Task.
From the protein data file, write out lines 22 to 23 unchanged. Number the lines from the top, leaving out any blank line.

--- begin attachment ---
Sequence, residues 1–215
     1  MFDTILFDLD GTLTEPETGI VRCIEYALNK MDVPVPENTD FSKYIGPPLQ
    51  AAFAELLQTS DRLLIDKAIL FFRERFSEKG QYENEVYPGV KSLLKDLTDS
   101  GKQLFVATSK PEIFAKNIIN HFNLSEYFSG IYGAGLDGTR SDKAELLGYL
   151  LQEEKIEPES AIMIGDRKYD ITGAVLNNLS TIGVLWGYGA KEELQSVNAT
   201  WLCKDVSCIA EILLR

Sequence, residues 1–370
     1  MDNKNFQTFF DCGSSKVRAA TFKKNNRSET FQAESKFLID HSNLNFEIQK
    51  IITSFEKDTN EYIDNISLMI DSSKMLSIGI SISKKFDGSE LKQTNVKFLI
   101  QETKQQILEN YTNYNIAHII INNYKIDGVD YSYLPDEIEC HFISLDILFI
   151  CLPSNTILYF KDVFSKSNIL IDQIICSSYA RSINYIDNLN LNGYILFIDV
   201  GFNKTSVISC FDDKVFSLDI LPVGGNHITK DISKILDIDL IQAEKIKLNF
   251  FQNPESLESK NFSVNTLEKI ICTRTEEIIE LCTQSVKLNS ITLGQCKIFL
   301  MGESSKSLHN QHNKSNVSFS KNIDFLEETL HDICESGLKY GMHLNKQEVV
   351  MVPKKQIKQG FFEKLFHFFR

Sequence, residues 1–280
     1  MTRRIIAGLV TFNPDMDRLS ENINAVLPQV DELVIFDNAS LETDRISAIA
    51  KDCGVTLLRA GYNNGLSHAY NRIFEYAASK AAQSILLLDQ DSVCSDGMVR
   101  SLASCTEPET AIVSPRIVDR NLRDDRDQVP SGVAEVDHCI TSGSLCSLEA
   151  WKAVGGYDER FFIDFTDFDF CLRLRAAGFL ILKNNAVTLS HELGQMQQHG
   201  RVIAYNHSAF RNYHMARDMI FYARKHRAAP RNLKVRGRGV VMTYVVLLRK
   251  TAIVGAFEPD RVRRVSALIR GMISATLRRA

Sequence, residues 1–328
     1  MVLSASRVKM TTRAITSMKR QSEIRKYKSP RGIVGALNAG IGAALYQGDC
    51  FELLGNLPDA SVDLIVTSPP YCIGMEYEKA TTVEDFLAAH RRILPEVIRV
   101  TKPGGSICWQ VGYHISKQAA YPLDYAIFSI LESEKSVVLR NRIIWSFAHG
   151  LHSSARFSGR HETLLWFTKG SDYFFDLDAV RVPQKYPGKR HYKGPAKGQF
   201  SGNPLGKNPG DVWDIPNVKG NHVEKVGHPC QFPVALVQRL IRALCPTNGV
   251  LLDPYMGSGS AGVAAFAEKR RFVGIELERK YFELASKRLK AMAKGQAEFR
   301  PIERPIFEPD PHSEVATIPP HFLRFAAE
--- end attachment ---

   251  TAIVGAFEPD RVRRVSALIR GMISATLRRA

Sequence, residues 1–328